Saturday, May 10, 2008

Smith: "Le Roy Fitch: The Civil War Career of a Union River Gunboat Commander"

[ Le Roy Fitch: The Civil War Career of a Union River Gunboat Commander by Myron J. Smith, Jr. (McFarland ph.800-253-2187, 2007) 7x10 case binding hardcover, maps, photos, notes, bibliography. Pages main/total: 358/424. ISBN: 978-0786429752 $55 ]

Mid-level navy officers, especially those that plied the western river systems and contributed mightily to the ultimate success of the U.S. war effort, comprise a neglected segment of Civil War biographical scholarship. Happily, Myron J. Smith's fine military biography of Indianan Le Roy Fitch goes a long way toward remedying the situation. Bookended by chapters covering the subject's early years and postwar career, Smith's main narrative is a broadly inclusive, and incredibly detailed, recounting and analysis of Fitch's Civil War naval service.

Le Roy Fitch made a name for himself with the organization and protection of supply convoys up the Cumberland River after the fall of Nashville. In addition to the Cumberland, he also conducted successful counter-guerrilla operations along the Ohio and Tennessee rivers. For his book Le Roy Fitch: The Civil War Career of a Union River Gunboat Commander, author Myron Smith has researched and recounted these actions in such depth as to place all future investigators of the logistics of the 1862-1864 western campaigns in his debt. Smith highlights the unpredictable nature of these rivers as supply conduits, and the lack of appreciation by high ranking army officers [especially William S. Rosecrans, and to a lesser extent Grant] for the natural and man-made difficulties to be overcome.

In addition to suppressing attacks by guerrillas and guarding supply convoys, Fitch also played a pivotal role in trapping John Hunt Morgan's raiders near Buffington Island in July 18631. Smith's account of the navy's critical contribution to Morgan's defeat is the most detailed I've come across, and will likely be a bibliographical mainstay of future historians of the "Great Raid". The next year Fitch commanded a failed relief force at Johnsonville, but later performed admirably in breaking up Confederate attempts at blockading the Cumberland during Hood's Tennessee campaign.

With brief interludes, tinclad commands characterized Fitch's Civil War naval career, and, viewed through this lens, Smith's study might also be considered a treatise2 on the capabilities and operational use of this gunboat class on western waters. Performing the lion's share of patrolling, escorting, and reconnaissance duties during the war, the tinclads were the true workhorses of the Brown Water Navy.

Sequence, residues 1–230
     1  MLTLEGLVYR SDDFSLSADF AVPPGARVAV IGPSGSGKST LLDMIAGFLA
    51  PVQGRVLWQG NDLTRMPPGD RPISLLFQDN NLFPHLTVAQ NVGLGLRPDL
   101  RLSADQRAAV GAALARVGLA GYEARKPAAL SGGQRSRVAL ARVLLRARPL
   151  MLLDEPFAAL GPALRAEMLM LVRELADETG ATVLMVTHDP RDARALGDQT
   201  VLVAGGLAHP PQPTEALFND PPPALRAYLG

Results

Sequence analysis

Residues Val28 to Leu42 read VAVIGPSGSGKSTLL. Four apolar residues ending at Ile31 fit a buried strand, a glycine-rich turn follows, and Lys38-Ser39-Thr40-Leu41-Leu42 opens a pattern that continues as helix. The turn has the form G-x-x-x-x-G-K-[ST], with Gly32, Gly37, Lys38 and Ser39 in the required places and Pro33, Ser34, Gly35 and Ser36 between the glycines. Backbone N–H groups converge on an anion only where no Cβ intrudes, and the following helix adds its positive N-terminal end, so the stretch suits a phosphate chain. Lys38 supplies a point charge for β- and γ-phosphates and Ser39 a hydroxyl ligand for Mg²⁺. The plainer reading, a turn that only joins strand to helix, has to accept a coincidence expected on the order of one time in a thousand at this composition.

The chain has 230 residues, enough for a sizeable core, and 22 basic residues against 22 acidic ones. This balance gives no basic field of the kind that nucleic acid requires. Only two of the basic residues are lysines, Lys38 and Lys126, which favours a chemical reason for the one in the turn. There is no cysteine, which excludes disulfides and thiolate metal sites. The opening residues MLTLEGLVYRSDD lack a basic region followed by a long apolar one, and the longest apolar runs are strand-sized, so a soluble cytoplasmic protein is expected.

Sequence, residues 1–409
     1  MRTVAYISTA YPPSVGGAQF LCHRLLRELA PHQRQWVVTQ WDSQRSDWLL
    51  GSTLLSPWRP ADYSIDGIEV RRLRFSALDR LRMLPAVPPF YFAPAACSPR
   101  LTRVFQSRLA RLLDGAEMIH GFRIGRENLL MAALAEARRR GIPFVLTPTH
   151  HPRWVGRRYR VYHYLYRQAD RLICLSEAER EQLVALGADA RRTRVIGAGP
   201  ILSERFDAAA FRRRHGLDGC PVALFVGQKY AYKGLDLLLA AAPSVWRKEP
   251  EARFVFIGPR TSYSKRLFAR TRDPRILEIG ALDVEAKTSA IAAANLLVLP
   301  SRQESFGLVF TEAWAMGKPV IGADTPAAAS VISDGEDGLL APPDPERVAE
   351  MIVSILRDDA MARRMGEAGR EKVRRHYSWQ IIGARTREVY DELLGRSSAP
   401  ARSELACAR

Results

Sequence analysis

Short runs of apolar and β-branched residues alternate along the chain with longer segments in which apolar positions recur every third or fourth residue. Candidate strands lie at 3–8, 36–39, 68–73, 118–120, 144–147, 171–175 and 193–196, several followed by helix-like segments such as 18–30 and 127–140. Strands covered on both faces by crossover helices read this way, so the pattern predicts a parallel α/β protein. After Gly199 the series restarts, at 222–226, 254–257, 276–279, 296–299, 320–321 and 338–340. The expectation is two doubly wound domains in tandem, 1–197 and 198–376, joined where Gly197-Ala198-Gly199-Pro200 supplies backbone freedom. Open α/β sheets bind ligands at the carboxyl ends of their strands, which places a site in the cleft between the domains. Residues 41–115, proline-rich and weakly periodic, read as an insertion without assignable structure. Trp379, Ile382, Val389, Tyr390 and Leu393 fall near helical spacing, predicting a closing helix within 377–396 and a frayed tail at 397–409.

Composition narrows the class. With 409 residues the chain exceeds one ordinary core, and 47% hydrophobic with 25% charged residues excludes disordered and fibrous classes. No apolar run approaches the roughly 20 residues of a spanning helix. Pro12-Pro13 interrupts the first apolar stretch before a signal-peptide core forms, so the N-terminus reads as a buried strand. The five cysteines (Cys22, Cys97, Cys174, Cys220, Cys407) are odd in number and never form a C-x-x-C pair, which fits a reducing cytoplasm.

Smith's research and explanatory endnotes are extensive. His heavy use of internet sources for general background information (e.g. Wikipedia) might be questionable; but, overall, the author consulted a satisfying range of source materials (including manuscripts, newspapers, government records, theses, books, and articles in a lengthy bibliography). Concerns with the book center around editing and presentation issues. While a nice array of illustrations were included, there are too many typos, and the archival map reproductions are lacking in number and detail commensurate with the text.

Above complaints aside, Smith's study is one of the more important additions to the Civil War naval literature in recent years. Beyond providing a solid account of the life and career of a neglected, yet important officer, Le Roy Fitch: The Civil War Career of a Union River Gunboat Commander makes numerous original contributions to the study of riverine combat and logistics in the western theater.

Comments:
1 - Frequent citing of Horwitz (in the text, consistently misspelled as Horowitz) would not be my first choice for background information on the raid, but that incidental material is largely divorced from the naval aspects presented in the forefront.
2 - This book is surely one of the more remarkable specialized CW naval histories available, at a degree of detail that's unusually dense. At 424 pages, Smith's study is much lengthier than the publisher's typical CW-related offering. Additionally, the print on the book's 7 x 10 pages is closely packed and relatively small. It's a big study for the serious student.

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